Browsing Masters Dissertations by Authors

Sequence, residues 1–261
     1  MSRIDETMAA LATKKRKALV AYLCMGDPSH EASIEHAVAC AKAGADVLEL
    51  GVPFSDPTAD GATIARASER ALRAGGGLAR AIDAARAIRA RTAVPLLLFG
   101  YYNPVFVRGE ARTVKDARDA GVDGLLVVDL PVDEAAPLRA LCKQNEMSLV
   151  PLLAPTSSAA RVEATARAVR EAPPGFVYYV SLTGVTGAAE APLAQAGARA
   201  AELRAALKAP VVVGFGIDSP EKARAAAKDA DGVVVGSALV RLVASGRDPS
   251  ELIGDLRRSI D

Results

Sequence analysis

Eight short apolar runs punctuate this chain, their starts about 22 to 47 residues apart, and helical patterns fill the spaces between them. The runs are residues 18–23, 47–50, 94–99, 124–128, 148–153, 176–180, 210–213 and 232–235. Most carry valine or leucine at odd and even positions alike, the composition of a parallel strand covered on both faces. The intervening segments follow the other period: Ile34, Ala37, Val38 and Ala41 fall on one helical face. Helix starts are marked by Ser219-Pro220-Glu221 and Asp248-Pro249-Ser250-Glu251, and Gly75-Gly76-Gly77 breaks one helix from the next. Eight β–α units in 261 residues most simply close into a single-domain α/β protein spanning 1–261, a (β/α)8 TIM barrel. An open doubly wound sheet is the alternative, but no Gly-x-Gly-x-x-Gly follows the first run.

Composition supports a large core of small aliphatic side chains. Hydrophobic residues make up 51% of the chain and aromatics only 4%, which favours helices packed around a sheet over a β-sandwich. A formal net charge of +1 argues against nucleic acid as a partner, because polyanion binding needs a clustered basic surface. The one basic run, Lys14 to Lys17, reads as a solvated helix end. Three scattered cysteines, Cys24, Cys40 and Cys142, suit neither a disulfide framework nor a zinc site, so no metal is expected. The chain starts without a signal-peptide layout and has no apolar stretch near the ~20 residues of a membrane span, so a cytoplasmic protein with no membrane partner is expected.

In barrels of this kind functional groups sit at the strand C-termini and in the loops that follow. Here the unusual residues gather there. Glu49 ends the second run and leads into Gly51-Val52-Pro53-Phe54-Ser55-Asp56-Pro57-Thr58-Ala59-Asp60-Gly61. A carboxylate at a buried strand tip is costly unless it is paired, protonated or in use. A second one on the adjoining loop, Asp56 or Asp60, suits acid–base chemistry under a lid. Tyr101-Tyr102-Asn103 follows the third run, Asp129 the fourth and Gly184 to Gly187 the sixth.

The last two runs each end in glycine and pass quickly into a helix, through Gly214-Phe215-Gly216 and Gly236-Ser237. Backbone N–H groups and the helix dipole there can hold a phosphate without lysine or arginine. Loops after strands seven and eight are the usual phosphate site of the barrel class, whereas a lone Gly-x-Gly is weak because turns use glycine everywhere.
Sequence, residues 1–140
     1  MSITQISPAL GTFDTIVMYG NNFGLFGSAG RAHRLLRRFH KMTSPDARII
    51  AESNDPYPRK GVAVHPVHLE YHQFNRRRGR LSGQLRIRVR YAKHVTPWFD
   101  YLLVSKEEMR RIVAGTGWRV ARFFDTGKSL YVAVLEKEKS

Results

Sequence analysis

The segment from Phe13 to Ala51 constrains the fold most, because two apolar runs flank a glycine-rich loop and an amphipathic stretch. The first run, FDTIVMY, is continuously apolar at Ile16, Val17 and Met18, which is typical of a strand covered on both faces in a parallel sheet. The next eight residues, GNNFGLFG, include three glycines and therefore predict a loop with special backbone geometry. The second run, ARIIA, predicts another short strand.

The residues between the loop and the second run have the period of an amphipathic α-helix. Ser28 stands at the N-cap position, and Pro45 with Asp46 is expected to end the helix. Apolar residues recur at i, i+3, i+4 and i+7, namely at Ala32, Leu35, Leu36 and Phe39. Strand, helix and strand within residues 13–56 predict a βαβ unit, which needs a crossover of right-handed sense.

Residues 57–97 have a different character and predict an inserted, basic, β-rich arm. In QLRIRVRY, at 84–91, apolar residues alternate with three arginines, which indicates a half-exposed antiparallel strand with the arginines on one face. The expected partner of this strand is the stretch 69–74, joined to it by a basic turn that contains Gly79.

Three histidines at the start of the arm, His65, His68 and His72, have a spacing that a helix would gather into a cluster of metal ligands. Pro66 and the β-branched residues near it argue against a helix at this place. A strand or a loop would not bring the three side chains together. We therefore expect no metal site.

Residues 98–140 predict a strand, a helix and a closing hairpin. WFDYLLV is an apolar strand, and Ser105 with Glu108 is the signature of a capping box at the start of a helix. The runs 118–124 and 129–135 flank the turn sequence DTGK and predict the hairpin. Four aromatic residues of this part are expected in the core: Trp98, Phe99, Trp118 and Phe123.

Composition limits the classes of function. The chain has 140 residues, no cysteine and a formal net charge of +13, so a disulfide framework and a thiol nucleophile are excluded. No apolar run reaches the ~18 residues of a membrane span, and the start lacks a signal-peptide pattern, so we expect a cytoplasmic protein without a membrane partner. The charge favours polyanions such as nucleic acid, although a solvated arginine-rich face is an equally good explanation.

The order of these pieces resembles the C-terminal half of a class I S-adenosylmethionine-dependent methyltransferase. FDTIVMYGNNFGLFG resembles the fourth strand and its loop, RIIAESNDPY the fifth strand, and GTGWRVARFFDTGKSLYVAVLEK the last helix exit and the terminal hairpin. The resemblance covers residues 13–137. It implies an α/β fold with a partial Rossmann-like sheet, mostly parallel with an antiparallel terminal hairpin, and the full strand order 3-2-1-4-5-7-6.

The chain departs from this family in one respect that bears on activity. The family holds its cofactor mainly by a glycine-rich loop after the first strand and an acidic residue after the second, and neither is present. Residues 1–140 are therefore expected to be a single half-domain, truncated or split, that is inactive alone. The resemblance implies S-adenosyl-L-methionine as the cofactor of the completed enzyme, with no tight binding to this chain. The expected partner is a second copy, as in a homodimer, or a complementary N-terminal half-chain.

Does performance during the ISWT truly reflect changes in physiological function?Innes, Geraldine (University of Chester, 2009-09)This aim of this dissertation is to evaluate whether changes in performance i.e. maximum distance walked (MDW) in the ISWT truly reflect improvements in physiological fitness in patients who have undergone a 3 month course of cardiac rehabilitation. (CR) A retrospective analysis of 184 patients was carried out and data was collected from an ISWT before and after CR. A Wilcoxan Signed Rank test was used to analyse the variables of heart rate (HR), RPE, MDW and walking speed index (WSI) for all participants. The inclusion of a WSI, looking at peak HR in relation to speed of walking, was used to determine if there was a significant decline in HR at increasing workloads post CR. This was used to signify if a true physiological change in fitness had occurred. There was a 27% mean increase (p=0.0005) in MDW for all participants post CR. Peak HR increased an average 7% (p=0.0005) and RPE significantly increased from 12 to 13 (p=0.0005). WSI indicated an 8% average (p=0.0005) increase in physiological fitness, based on HR, in all participants. In Men MDW increased significantly from 440metres to 555 metres (26%), peak HR increased by an average 6% (p=0.0005), RPE from12.6 to 13.6 (p=0.0005) and WSI by 7% (p=0.0005). In women mean distance achieved rose 30% from 303metres to 393metres (p=0.0005), peak HR by 6bpm (p=0.001), RPE rose from 11.8 to 12.4, which was not significant (p=0.131) and WSI showed an average increase of 9%. This study showed that 8% of a 27% increase in walking performance following a CR programme could be attributed to a true physiological (fitness) adaptation. In circumstances where a practice walk is not always carried out, the addition of HR in relation to a given walking speed should be used to assess and quantify the true physiological change related to a programme of exercise based CR.